ABUSES: Turkish Media In Dark
FOR IMMEDIATE RELEASE
Contact: Yalman Onaran, ext.101
AS TURKISH PM "ENLIGHTENS" US MEDIA,
TURKISH MEDIA STAY IN THE DARK
NEW YORK, April 17 -- Turkey's Prime Minister Tansu Ciller will be
making her rounds among the press corps in New York and Washington on Tuesday in an
attempt to explain her country's recent incursion in northern Iraq. Back home, more than
70 journalists are in jail for their writings, according to the Committee to Protect
Journalists (CPJ). Numerous alternative publications have been shut down for their
unorthodox views. Foreign press corps are restricted in their movements in the region.
On Tuesday, Ciller is scheduled to meet Peter Jennings of ABC News,
Robert MacNeil of PBS, and the editorial boards of The New York Times and Time magazine.
Afterwards, she will travel to Washington to meet with the editorial boards of the
Washington Post, Washington Times, and Newsweek, and to appear on CNN. She is expected to
explain her government's reasons for the three-week old military operation in Iraq, which
is part of an effort by the Ciller government to eradicate the Kurdish insurgence.
According to CPJ, the Turkish government's crackdown on independent
press coverage of Kurdish separatism has made it impossible for local media to present
complete and balanced accounts of the conflict. Turkish authorities were holding 74
Turkish journalists in jail at the end of 1994 on charges that their reporting was
favorable to the separatist cause. Scores of local publications have been hit by fines and
other legal sanctions for the same reason.
The offices of the new pro-Kurdish newspaper, Yeni Politika, were raided last week
before it published its first issue. Six journalists were detained for three days. The
inaugural issue was confiscated by the authorities for alleged "separatist
propaganda," a crime punishable by up to three years of imprisonment of the editor in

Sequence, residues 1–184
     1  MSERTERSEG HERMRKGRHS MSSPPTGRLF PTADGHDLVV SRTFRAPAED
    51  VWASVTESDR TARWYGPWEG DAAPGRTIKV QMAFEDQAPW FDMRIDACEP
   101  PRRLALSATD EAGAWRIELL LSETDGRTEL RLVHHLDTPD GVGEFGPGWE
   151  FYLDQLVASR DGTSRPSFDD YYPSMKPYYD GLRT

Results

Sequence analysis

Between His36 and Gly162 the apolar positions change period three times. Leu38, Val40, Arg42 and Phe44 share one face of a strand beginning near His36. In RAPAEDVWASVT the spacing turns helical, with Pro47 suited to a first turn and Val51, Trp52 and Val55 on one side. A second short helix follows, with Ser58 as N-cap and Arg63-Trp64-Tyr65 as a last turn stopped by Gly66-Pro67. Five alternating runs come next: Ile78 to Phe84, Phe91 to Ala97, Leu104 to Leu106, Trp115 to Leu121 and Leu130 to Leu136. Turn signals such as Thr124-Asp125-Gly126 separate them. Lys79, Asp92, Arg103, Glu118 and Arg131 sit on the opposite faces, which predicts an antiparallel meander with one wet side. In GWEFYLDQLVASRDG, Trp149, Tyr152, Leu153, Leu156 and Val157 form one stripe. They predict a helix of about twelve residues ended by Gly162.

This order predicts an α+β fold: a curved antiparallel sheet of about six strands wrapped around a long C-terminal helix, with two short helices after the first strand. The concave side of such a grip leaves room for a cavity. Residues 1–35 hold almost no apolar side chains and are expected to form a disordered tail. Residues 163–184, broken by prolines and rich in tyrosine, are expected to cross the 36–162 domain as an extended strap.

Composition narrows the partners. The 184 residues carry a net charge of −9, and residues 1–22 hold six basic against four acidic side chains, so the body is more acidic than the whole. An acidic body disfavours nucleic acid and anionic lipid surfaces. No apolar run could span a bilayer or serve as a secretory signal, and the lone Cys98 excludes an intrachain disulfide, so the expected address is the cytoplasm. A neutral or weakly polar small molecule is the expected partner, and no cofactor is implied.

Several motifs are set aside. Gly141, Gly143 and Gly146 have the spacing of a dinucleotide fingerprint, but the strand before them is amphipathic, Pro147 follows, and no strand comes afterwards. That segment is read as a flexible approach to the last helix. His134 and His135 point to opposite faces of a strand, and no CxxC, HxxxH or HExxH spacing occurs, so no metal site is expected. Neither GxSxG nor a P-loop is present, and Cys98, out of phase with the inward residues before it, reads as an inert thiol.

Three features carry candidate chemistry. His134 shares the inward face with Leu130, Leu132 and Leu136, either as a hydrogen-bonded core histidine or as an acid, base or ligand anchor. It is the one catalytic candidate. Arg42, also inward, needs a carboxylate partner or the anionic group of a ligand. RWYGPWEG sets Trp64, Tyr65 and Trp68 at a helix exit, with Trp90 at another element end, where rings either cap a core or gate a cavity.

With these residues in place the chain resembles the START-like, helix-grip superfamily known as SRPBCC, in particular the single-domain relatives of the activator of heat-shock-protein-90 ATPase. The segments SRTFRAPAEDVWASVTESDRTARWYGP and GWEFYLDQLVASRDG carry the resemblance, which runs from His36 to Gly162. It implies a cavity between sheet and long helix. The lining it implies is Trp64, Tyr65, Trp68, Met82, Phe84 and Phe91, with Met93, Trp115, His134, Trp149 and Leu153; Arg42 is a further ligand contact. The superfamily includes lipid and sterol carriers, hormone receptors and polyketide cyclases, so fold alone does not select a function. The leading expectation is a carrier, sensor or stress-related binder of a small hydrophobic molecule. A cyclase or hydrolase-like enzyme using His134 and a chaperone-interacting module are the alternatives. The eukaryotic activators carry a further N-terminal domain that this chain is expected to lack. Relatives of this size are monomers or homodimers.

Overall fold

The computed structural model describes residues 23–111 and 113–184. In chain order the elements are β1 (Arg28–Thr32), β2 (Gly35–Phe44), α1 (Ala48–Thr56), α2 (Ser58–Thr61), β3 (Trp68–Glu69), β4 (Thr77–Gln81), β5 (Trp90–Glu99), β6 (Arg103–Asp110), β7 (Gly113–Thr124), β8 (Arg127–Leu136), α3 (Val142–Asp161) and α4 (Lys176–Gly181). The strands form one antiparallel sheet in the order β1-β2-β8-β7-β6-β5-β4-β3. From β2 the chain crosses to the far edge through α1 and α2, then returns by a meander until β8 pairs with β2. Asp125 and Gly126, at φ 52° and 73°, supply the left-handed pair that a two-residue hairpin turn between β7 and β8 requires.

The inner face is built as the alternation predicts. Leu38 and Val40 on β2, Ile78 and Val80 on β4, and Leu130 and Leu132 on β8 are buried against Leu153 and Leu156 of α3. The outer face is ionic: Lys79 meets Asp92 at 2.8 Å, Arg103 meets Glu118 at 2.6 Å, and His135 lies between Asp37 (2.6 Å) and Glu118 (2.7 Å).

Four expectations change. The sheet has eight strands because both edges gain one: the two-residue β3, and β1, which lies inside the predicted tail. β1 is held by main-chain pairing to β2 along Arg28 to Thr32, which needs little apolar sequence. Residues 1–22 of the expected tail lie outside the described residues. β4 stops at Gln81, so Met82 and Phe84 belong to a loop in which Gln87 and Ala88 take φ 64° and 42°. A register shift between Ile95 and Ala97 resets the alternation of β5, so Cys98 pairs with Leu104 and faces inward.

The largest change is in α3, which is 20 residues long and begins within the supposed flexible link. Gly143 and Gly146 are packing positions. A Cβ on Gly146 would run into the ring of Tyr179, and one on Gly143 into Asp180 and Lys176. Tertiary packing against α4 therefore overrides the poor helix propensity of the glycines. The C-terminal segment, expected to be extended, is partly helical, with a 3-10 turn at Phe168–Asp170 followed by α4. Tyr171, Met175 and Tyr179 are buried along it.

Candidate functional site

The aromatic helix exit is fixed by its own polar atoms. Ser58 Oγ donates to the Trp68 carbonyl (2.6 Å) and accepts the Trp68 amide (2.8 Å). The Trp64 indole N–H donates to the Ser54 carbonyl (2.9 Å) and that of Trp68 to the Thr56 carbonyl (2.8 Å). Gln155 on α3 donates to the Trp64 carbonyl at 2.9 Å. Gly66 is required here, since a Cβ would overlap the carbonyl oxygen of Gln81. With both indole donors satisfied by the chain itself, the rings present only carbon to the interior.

charge, under Turkey's infamous Anti-Terror Law. Yasar Kemal, Turkey's most acclaimed
author internationally, was recently charged under this law for an article he wrote for
the German magazine Der Spiegel. He faces six months to three years in jail if convicted.
"Prime Minister Ciller has repeatedly said that it is time to `take steps to
improve [the] shortcomings' of Turkish democracy, but her government hasn't done anything
about it," said William A. Orme, CPJ's executive director. "She has talked about
amending the Anti-terror law `to remove anomalies which unduly restrict certain forms of
expression' and declaring an amnesty for prisoners of thought. Her coalition partners said
Article 8 of the Anti-Terror Law which criminalizes expression should be removed all
together. However, no progress can be cited on any of these promises." CPJ requested
a meeting with Prime Minister Ciller during her visit to New York but was not granted one.
International media are denied full access to observe the Turkish military incursion in
northern Iraq. Foreign correspondents who are not permamently based in Turkey are not
allowed to cross the Turkish border into Iraq on their own. They are escorted in and out
of the region by the Turkish military, hampering their ability to gather news
independently. Many American and European correspondents have complained about the
restriction, calling it an attempt to deny full media access to the Turkish operation.